The question is why Poincare did not discuss Einstein. Perhaps he felt robbed, that Einstein plagiarized his and Lorentz work. Poincare was first to see consequences of Lorentz transforms form Newton dynamics that it would imply relativistic mass, which btw, Lorentz postulated much earlier and used to explain electron deflection in E-M field several years before 1905.

      There is very good reason why Einstein was not awarded Nobel prize for relativity. Physicists knew very well that work on what Einstein claimed was his ab nihilo discovery was going for years. In 1902, Poincaré wrote a letter to the Royal Academy of Sciences in Stockholm recommending the candidacy of Lorentz for a Nobel Prize in Physics. In trying to persuade the Nobel committee about Lorentz’s achievements, Poincaré wrote the following,

      “Why for example all the experiments devoted to demonstrating the Earth’s motion gave negative results? Evidently, there was one general reason behind this; this reason was discovered by Mr. Lorentz and he put it in a striking form with his ingenious invention of ‘reduced time’. Two phenomena taking place in two different places can appear simultaneous even though they are not: everything happens as if the clock in one of these places retards with respect to that of the other, and as if no conceivable experiment could show evidence of this discordance. Now, according to Mr. Lorentz, the effect of the Earth’s motion would be only to give rise to a similar discordance that no experiment could reveal”.

      But current physics textbooks make you believe that it was Einstein who responded to negative results of Michelson experiments and came up with his 1905 theory. Einstein even claimed (though sometimes he did not) that he was not aware of Michelson experiment.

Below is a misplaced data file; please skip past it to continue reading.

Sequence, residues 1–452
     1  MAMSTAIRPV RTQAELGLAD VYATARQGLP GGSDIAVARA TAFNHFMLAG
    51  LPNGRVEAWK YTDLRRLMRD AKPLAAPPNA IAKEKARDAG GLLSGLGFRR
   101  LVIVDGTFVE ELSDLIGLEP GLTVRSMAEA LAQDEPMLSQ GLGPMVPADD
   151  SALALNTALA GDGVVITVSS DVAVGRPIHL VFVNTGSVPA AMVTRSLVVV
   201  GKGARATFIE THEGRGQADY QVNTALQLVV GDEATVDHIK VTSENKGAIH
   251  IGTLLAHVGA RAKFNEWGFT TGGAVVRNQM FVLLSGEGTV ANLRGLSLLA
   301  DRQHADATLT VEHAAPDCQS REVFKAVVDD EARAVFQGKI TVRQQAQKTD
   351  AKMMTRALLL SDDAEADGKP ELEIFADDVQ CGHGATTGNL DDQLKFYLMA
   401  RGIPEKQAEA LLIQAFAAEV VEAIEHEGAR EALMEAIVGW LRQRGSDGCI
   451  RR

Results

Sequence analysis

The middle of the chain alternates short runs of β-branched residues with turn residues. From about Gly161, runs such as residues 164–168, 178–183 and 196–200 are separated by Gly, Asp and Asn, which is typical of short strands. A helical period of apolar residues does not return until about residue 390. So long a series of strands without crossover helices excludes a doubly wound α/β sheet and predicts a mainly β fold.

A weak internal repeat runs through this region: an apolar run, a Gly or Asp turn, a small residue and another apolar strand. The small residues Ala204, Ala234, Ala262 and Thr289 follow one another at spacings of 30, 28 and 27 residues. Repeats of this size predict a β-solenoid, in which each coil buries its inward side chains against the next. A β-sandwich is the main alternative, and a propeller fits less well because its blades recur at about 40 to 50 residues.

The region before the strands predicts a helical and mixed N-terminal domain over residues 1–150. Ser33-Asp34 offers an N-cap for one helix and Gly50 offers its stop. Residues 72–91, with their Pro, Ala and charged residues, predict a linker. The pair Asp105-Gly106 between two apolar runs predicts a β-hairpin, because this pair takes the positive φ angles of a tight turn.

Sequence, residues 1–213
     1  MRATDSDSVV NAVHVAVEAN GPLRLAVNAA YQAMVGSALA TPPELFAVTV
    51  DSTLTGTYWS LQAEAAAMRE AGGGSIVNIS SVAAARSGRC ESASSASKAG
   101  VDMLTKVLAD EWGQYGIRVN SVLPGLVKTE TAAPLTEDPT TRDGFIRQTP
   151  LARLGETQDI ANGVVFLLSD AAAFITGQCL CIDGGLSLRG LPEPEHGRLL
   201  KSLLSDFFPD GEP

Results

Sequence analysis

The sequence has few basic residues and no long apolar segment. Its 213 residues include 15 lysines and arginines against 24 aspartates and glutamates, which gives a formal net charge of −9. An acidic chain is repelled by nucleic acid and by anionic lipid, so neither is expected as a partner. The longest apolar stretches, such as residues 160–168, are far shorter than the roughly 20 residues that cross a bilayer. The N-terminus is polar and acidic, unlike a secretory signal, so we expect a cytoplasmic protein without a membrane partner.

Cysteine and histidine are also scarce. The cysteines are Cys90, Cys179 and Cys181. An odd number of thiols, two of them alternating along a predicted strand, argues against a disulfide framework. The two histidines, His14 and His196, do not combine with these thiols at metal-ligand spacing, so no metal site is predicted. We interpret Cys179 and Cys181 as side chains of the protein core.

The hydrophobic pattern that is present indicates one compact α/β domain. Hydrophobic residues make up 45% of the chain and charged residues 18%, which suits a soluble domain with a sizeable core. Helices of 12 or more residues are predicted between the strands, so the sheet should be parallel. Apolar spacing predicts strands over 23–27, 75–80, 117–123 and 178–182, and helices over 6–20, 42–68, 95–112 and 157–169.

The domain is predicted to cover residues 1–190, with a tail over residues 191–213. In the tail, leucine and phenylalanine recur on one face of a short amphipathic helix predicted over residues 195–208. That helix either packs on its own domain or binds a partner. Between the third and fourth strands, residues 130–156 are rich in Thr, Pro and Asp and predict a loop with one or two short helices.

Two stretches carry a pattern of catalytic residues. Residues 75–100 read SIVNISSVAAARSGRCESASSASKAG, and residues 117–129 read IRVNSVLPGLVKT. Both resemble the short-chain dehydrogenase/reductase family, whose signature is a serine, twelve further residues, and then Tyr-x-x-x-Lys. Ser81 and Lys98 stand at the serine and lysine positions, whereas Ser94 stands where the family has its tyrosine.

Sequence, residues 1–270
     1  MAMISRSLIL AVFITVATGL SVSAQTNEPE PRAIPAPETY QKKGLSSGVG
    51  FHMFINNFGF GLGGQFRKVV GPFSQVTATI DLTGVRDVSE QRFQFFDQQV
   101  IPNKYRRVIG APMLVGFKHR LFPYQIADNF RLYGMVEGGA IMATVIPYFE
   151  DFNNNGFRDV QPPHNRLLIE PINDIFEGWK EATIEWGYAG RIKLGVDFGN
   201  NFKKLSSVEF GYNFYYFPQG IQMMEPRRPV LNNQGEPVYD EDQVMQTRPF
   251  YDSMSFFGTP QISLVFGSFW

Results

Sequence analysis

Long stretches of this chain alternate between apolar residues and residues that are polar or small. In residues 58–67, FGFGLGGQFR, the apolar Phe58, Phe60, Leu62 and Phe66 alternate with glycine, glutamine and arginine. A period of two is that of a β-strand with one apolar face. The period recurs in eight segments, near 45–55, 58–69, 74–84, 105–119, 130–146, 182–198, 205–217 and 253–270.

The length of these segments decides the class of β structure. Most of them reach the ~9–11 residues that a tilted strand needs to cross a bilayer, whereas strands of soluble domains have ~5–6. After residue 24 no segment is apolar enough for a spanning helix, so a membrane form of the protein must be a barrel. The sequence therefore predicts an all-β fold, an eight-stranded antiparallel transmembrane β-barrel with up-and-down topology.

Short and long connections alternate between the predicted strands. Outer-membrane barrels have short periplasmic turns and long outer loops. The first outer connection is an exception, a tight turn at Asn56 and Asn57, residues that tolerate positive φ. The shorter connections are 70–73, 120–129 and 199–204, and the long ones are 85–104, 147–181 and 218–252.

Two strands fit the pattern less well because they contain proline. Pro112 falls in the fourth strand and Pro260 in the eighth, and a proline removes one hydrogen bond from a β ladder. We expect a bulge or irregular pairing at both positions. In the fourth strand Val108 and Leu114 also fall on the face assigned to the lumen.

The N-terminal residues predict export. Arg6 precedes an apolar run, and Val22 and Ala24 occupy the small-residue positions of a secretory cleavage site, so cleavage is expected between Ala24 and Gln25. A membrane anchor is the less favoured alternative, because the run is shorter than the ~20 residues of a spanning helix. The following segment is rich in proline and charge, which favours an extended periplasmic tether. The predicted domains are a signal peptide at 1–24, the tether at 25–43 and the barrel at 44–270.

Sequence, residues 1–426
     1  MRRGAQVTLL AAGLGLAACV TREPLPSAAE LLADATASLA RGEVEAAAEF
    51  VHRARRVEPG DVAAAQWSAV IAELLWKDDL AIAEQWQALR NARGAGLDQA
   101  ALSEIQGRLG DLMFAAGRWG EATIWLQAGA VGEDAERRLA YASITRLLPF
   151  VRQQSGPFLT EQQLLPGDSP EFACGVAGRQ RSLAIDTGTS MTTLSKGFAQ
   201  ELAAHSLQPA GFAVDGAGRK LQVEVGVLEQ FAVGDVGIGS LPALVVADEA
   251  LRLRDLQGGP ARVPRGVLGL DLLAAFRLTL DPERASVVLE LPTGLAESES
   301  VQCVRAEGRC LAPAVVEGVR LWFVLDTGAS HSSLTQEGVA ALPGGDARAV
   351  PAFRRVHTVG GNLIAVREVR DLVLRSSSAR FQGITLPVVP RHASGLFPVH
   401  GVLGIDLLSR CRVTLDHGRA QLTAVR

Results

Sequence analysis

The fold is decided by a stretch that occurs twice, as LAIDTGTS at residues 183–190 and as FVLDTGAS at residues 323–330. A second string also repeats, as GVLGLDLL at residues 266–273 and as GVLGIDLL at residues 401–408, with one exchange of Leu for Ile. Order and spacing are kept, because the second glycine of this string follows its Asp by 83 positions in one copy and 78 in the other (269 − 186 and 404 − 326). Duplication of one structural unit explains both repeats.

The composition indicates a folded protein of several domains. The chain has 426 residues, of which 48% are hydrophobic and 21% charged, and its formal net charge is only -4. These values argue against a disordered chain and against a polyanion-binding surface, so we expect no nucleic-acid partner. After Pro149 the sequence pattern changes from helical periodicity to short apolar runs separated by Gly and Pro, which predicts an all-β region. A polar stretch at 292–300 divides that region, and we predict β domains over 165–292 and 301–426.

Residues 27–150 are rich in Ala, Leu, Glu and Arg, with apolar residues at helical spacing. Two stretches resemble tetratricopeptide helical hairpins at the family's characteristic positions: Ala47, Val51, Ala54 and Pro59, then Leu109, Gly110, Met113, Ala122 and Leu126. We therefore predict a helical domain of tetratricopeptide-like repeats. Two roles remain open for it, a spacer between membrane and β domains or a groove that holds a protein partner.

2. No, I quoted you correctly, and gave a link to the source.

    Now, you say that you did not attempt a comparison of Poincare to Einstein, but your own summary of your own book is mostly making comparisons.

    If there is nothing relativistic about synchronizing clocks, then why do relativity textbooks commonly explain it?

    You very much disparage Poincare. You say he did not understand, he contradicted himself, he added to confusion, he shows no appreciation, etc. You imply that his work was a dead end. Did you mean these things or not?

    I also posted an answer to you over on Wikipedia.

  3. Dear Bruce, and of course, Roger,

    If I may interject, I have two points to note.

    1. I for some time have often fantasized for the existence of a book about the Theory of the Special Relativity which book would rather go in the nature of a particular book on the history of quantum mechanics, viz., the one by Prof. Dr. Malcolm Longair.

    2. Bruce says:

    "The purpose was to emphasize how close Poincare was; ..."

    Wouldn't, Bruce, the purpose in the mind be to *deify* Einstein---by showing how the *Even* Best Mathematical Genius Aside From Hilbert Namely Poincare' failed short? And, how the Jewish Guy Who Withstood 100+ Bad German PhysicistS, And Went On To Write *Even* To The President of the USA About the Nuclear Bomb Which *Forever* Saved The World And All The Careers Of All The Potential and Actual Physicists And Engineers The World Over, Etc.?

    Oh well... May be I am engaged in some kind of a mind-reading here, am I?

    3. Roger says:

    "If there is nothing relativistic about synchronizing clocks, ..."

    Well, Roger, as far as my naive mind goes, the guy who, given the Maxwell-Lorentz EM, first thought of the time dilations etc. gets the honour for laying the groundwork for the *invention* of Special Relativity, full stop. If there is any single guy, I mean. Synchronization of clocks and all can get later; first things first.

    However, as far as *the same* naive mind of mine thinks, Lorentz was *greater* than both Poincare' and Einstein, as far as the *physics* concerning the background of the Relativity Theory goes. ...